Circumstances and the prevailing laws of society can radically change ordinary people and compel them to commit atrocities. The Reader, produced by Anthony Minghella and Sydney Pollack (who both passed away prior to the film’s release), is a fictional case study.
When a serious film opens with an extreme close-up of an egg, one would think it is a set-up that would lead to something or that there is something symbolic about it. Neither is true. The boiled egg ends up in someone’s stomach and does not make another appearance, and the film fails to touch upon the subject of birth.
It certainly must mean something; though, I have no clear idea what it could be. Surely something so loud cannot exist without a specific purpose in a film in which the visuals are so carefully conjured to esthetically move the story forward.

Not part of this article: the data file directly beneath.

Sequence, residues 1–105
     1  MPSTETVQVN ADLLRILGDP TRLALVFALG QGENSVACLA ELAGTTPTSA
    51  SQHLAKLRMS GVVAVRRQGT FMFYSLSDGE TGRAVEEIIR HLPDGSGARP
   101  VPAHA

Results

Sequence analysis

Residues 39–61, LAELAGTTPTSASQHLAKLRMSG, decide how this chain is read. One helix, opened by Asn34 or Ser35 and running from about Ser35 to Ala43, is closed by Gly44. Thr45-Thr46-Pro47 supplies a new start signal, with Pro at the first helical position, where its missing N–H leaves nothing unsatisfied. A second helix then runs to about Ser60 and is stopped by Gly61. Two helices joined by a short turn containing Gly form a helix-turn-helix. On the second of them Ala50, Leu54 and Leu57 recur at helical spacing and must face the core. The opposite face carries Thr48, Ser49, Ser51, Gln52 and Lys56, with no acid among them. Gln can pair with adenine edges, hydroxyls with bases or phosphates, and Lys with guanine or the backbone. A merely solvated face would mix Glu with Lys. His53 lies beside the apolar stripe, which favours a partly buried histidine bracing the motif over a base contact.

Perhaps it is merely suggestive of the commencement of the protagonist’s sexual adventure, for, a little while later, we see him as an adolescent. Oscillating between the past and the present, the script is divided, invisibly, into two distinct parts; and one catches up with the other.
Sadly, like the fowl egg at the start, Stephen Daldry’s drama too appears to say nothing of significance and turns a mass murderer into an orderly citizen who was simply following the rules of the book. If forgiveness, healing, and moving on, however, is the message intended by the producers, they could not have asked for a better swansong.
The Reader — on IMDB